The interdisciplinary nature of Pitt's IDMA is what attracted me to the program. Being able to work with faculty in multiple departments helped me broaden my knowledge on China and East Asia in general. During my term in the IDMA, I took courses in the East Asian Languages and Literatures, History, History of Art and Architecture, and English departments. Faculty members in all departments were very accommodating to the needs of IDMA students. Pitt also provided a lot of support for research and language study abroad. I also had the chance to do directed study in the East Asian Library of Pitt's University Library System, which led to an employment opportunity after graduation.
I graduated from the IDMA program at the University of Pittsburgh in 2012. The professors and staff in this program were all very supportive. I not only achieved my academic goals, gained experience teaching Chinese to American students, but also made several lifelong friends. It is a very worthwhile experience. From 2012 to 2014, I worked in the headquarters of a British education group in Shanghai, China, with job responsibility on college counseling, business development, etc. Afterwards, I started to work on an entrepreneurial project, and co-founded an independent K-12 bilingual school in Shanghai in 2015. In 2016, I started my Ph.D program in Shanghai International Studies University on cross-cultural management. And now (2018) I am a visiting graduate researcher in University of California Los Angeles through the Fulbright Program.
The IDMA program provided me with the opportunity to review and restart my academic career. The platform of this program is open to multiple options: I was not limited in established curriculum in my preconceived field but was able to interact with scholars from a variety of departments with different disciplinary focuses. This was a story about rearranging resources and opportunities, a process that places emphasis on my own agency to find things, make things happen and change things. Now I have made it by changing my academic field from literature and film study to contemporary Chinese art. My experience in cross-field study still benefits me at the doctoral level.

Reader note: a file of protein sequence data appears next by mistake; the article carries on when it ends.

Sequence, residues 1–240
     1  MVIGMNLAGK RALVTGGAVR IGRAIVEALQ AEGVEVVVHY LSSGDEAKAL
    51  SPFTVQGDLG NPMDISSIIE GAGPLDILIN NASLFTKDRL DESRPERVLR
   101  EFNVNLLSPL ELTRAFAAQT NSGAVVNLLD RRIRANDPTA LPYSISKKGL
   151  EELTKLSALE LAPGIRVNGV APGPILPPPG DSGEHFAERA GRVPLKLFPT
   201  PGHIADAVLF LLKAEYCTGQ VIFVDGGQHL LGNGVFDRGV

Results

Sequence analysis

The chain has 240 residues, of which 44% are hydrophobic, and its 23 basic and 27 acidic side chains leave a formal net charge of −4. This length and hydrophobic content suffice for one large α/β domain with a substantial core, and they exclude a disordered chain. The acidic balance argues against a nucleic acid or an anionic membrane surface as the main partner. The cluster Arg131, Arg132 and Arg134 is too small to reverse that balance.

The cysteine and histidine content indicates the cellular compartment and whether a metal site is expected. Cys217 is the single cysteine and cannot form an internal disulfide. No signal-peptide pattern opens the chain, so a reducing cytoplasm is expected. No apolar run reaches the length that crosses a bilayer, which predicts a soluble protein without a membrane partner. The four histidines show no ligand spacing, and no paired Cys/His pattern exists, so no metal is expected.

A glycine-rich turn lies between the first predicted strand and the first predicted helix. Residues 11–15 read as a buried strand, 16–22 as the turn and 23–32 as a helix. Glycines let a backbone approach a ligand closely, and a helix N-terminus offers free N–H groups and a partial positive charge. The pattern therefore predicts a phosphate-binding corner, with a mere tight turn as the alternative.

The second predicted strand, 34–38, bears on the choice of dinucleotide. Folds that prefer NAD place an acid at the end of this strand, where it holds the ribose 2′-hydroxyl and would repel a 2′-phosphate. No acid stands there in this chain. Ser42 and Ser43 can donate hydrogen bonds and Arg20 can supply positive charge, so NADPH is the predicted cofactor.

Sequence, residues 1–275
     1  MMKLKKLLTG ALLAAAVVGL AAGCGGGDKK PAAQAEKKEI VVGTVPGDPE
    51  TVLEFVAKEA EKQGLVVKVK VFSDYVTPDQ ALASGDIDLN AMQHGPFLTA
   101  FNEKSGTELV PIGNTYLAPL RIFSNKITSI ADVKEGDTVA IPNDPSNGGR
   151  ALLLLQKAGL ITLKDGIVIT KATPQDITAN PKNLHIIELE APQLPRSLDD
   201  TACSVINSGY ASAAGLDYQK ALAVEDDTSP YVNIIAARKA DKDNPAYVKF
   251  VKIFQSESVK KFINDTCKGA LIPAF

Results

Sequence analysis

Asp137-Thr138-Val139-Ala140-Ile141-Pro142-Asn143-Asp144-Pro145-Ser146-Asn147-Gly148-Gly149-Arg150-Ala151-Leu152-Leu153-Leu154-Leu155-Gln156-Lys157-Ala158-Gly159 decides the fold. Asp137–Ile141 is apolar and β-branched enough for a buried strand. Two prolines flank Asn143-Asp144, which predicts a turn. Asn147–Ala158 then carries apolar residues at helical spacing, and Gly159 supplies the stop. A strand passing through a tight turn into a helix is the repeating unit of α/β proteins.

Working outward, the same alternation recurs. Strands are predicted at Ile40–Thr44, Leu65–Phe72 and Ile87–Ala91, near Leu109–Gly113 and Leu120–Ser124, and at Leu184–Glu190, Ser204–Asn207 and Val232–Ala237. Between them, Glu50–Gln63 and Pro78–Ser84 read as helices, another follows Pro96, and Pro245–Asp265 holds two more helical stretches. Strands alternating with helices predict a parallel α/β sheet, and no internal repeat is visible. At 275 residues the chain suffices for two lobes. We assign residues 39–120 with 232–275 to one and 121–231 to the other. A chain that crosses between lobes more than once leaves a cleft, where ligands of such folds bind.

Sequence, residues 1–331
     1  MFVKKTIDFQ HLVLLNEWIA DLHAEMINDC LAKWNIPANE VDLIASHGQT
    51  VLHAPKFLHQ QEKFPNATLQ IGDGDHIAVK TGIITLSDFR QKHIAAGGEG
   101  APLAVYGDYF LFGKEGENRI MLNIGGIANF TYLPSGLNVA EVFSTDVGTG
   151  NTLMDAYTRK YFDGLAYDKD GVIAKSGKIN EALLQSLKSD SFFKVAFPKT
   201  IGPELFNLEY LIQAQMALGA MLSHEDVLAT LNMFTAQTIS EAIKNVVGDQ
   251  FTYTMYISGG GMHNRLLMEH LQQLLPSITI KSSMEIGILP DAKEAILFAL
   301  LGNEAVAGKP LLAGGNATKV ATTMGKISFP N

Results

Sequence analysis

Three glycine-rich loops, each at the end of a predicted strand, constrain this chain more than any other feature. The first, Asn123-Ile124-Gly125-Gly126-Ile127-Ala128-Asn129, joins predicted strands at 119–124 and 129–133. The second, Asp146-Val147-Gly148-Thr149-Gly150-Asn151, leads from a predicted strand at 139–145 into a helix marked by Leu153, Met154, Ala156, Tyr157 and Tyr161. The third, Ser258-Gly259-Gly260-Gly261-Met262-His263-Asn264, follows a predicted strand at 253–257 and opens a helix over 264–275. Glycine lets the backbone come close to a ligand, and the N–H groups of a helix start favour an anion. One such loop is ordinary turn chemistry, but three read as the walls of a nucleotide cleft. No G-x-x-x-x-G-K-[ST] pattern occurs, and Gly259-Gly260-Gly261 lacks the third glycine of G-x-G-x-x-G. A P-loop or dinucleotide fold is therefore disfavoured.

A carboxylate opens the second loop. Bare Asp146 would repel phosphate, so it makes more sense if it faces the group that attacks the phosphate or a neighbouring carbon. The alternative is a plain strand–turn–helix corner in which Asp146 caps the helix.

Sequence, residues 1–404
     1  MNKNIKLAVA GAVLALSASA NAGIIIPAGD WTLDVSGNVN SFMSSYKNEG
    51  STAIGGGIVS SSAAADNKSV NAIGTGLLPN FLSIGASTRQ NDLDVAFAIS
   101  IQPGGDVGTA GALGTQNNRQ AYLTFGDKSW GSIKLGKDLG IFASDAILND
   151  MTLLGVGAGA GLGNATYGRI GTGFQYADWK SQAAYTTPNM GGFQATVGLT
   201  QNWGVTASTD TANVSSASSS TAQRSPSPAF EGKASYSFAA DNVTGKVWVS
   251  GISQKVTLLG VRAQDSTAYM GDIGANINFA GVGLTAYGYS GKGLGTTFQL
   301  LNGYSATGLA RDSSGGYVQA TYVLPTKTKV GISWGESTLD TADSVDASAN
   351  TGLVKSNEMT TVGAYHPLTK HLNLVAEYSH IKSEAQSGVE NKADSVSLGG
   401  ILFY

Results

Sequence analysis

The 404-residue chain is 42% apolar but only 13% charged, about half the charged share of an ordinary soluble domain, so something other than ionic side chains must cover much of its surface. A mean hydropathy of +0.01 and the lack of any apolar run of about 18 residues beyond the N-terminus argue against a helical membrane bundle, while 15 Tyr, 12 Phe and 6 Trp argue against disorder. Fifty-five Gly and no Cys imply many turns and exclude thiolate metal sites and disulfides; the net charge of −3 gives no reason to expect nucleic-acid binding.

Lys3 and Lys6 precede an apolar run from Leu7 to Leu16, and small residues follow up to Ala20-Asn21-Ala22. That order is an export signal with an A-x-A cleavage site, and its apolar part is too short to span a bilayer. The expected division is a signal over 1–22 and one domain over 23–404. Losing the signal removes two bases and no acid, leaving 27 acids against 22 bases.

My two years in the IDMA program instilled in me the knowledge and skills to conduct research in the field of East Asian studies. My experience now helps me to pursue further studies in my PhD program. In cooperation with different disciplines, the IDMA program offers the opportunities to learn in various fields, including cultural studies, films studies and history. Also, in association with Asian Studies Center, IDMA provided me various funding opportunities that could support research projects, ranging from language studies and travel funds to tuition remission scholarship. It was extremely important for a self-financed international student like me to get financial support throughout my study.
Moreover, the advisors and faculty in the program were always helpful and passionate to give students academic and friendly support. These two years were precious for me because I learned so much from people I worked with, but more than that, most of them became my life-long friends and mentors. I came to the IDMA without any academic experience, but after two years, I not only learned a lot about East Asian culture and society, but also I am able to continue my PhD program at New York University. I deeply believe that with the training in the IDMA, a young academic can gain precious experience and learn from the best.
Taranee Yuning Cao
Not only did I have an opportunity to pursue something that I am interested in, but I also broadened my horizon by taking courses that focus on other topics, which helped me build a solid foundation for future career. In addition, the program provided me with a platform to familiarized myself with teaching styles and ways of thinking in graduate schools in the United States. Even though the program only lasted for two years, I received warm, useful, and detailed guidance from professors, especially my supervisor. Without the help of my supervisor and this program, I would not have been able to realize my dream to pursue a PhD degree at Stanford University.
Recent MA Theses Completed
Andrea Radziminski, The Tourist Library Series: Defining a Collective Japanese Nation for Foreigners in the 1930s
Alexandra Richardson, The Dynamics of a Duo: Perceptions and Reflections of Gender, Nationality, and Identity in Yamamura Misa. 2018.
Jason Ng. Chinese Social Media as Laboratory: What We Can Learn about China from Research into Sina Weibo. 2013.
Xin'er Tong, L2 Acquisition of Mandarin Zai and -Le. 2012.
Go to D-Scholarship to look at other MA theses since 2003.